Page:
Fifty miles from John O’Groats and 20 minutes from Royal Dornoch, it is on common land accommodating cows and sheep grazing, between a beautiful strand beach and the purple, heather-covered mountains of Ben Bhraggie.
This is a pure, traditional, out-and-back links with an openness of natural undulating ground, the hazards being only two winding burns and a few strategically placed bunkers. Oh and the wind, of course!
As Peter Thomson (five times Open Champion and perhaps the greatest living exponent of links golf) says, “If Brora was a few hundred miles south, it would surely be a big club. I know of no course on the Open Championship roster that has more to it than Brora. I reckon it would confound modern champions. Their outrageous length would count for little. On a good windy day, its par would be hard to beat”.
Christy O’Connor, jnr called it “a great course, the best I have played in Scotland”.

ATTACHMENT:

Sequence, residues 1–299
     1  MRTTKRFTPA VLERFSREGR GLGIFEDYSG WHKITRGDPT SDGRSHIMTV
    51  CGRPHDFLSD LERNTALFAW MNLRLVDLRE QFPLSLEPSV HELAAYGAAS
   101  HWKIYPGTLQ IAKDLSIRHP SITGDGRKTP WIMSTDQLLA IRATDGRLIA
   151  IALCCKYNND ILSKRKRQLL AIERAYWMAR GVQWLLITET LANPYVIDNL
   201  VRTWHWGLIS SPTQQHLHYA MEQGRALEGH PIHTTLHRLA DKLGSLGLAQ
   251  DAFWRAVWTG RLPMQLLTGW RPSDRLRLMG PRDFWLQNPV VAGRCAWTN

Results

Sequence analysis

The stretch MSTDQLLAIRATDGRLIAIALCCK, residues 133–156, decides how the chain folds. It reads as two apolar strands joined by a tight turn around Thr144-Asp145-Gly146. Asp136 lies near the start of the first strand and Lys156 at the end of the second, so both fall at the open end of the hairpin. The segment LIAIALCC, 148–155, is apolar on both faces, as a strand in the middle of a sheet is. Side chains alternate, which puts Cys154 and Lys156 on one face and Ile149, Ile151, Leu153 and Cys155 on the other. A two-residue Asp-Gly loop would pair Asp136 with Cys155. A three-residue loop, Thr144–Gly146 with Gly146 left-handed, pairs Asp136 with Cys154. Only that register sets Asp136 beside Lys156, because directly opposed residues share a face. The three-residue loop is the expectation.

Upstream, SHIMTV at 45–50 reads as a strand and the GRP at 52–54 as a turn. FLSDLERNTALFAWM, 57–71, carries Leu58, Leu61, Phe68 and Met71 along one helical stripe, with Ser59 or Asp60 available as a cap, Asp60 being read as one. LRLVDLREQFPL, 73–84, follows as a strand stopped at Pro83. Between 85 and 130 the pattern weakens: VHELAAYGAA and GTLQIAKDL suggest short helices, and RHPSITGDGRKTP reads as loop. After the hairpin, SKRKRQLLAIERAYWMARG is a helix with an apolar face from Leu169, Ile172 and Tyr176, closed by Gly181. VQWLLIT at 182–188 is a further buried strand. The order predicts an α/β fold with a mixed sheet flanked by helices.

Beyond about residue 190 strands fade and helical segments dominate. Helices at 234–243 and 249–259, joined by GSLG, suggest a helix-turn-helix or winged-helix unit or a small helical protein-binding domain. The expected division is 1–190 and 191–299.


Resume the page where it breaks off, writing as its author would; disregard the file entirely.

Brora opened as nine holes in 1891 and was extended to eighteen in 1897 by John Sutherland, the famous Dornoch administrator who took advice from J H Taylor and Roger and Joyce Wethered (who both played much golf in these parts), soon after the Highlands railway was laid alongside the course close to today’s tenth tee.
James Braid (also five times Open Champion, a member of the Great Triumvirate with Vardon and Taylor, professional at Walton Heath and Scotland’s most prolific golf architect) visited twice in 1924, redesigning the course as we have it today. It is not surprising that the James Braid Society was founded here at one of Braid’s finest creations.
The flinty humour of the locals is well captured by Hugh Baillie in his erudite centenary history book and he must be well liked himself, to get away with some of the stories of the profusion of characters associated with Brora!